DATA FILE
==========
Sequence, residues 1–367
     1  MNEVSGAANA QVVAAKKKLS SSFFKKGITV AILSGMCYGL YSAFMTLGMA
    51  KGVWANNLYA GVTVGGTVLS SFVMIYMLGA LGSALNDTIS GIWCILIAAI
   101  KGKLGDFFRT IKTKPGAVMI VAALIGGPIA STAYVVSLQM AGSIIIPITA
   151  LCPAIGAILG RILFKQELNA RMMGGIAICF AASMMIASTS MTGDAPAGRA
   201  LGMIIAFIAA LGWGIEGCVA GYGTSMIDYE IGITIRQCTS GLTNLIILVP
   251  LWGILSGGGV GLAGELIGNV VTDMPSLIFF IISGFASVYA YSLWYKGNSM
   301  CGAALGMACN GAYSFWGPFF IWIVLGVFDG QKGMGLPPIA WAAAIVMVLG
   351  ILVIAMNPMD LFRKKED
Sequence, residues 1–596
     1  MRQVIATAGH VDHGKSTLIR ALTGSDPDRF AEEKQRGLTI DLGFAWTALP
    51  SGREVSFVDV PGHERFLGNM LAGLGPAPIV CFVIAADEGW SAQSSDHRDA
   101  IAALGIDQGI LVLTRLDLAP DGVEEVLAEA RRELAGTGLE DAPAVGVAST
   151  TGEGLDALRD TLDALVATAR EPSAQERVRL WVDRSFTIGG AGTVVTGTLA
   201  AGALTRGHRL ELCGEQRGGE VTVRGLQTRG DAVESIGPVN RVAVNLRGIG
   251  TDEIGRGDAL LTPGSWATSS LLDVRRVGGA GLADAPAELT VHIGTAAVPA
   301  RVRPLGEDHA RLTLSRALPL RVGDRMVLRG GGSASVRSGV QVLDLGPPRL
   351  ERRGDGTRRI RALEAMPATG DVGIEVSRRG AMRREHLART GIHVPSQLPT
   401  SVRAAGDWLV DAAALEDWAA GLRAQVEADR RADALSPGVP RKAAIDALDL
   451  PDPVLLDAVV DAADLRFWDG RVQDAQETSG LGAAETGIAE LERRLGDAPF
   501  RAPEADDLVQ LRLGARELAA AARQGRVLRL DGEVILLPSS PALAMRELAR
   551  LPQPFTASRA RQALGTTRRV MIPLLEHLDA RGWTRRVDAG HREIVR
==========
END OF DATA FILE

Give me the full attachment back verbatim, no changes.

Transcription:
Sequence, residues 1–367
     1  MNEVSGAANA QVVAAKKKLS SSFFKKGITV AILSGMCYGL YSAFMTLGMA
    51  KGVWANNLYA GVTVGGTVLS SFVMIYMLGA LGSALNDTIS GIWCILIAAI
   101  KGKLGDFFRT IKTKPGAVMI VAALIGGPIA STAYVVSLQM AGSIIIPITA
   151  LCPAIGAILG RILFKQELNA RMMGGIAICF AASMMIASTS MTGDAPAGRA
   201  LGMIIAFIAA LGWGIEGCVA GYGTSMIDYE IGITIRQCTS GLTNLIILVP
   251  LWGILSGGGV GLAGELIGNV VTDMPSLIFF IISGFASVYA YSLWYKGNSM
   301  CGAALGMACN GAYSFWGPFF IWIVLGVFDG QKGMGLPPIA WAAAIVMVLG
   351  ILVIAMNPMD LFRKKED
Sequence, residues 1–596
     1  MRQVIATAGH VDHGKSTLIR ALTGSDPDRF AEEKQRGLTI DLGFAWTALP
    51  SGREVSFVDV PGHERFLGNM LAGLGPAPIV CFVIAADEGW SAQSSDHRDA
   101  IAALGIDQGI LVLTRLDLAP DGVEEVLAEA RRELAGTGLE DAPAVGVAST
   151  TGEGLDALRD TLDALVATAR EPSAQERVRL WVDRSFTIGG AGTVVTGTLA
   201  AGALTRGHRL ELCGEQRGGE VTVRGLQTRG DAVESIGPVN RVAVNLRGIG
   251  TDEIGRGDAL LTPGSWATSS LLDVRRVGGA GLADAPAELT VHIGTAAVPA
   301  RVRPLGEDHA RLTLSRALPL RVGDRMVLRG GGSASVRSGV QVLDLGPPRL
   351  ERRGDGTRRI RALEAMPATG DVGIEVSRRG AMRREHLART GIHVPSQLPT
   401  SVRAAGDWLV DAAALEDWAA GLRAQVEADR RADALSPGVP RKAAIDALDL
   451  PDPVLLDAVV DAADLRFWDG RVQDAQETSG LGAAETGIAE LERRLGDAPF
   501  RAPEADDLVQ LRLGARELAA AARQGRVLRL DGEVILLPSS PALAMRELAR
   551  LPQPFTASRA RQALGTTRRV MIPLLEHLDA RGWTRRVDAG HREIVR